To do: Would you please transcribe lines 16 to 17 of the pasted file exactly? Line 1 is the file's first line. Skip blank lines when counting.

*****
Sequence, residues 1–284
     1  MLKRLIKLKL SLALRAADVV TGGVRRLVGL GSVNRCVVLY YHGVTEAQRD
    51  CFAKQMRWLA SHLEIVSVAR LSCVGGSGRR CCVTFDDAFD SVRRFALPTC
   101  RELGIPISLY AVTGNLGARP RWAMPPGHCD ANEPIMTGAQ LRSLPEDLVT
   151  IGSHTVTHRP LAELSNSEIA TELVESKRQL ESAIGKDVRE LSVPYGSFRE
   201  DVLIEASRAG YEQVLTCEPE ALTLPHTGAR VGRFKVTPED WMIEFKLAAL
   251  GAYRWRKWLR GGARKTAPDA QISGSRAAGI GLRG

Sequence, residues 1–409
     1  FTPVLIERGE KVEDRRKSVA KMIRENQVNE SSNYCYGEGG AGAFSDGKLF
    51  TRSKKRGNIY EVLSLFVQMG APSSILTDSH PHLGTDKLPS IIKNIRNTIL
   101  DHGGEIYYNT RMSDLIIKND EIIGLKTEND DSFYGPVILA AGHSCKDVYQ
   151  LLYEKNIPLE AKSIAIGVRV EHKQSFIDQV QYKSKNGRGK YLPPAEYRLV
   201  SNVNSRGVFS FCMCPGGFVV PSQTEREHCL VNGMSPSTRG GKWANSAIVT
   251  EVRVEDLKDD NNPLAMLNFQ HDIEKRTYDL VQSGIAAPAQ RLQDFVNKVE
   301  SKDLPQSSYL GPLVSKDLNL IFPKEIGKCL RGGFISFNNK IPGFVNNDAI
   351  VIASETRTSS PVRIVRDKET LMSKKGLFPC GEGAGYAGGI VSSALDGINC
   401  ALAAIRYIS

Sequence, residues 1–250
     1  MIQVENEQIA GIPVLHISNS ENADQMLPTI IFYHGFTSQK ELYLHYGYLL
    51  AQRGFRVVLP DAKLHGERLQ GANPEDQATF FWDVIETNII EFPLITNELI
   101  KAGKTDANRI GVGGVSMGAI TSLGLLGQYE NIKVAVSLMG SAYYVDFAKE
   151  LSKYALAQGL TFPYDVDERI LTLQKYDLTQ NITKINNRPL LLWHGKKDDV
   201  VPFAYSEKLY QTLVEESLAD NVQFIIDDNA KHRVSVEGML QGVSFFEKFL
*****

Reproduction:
   351  VIASETRTSS PVRIVRDKET LMSKKGLFPC GEGAGYAGGI VSSALDGINC
   401  ALAAIRYIS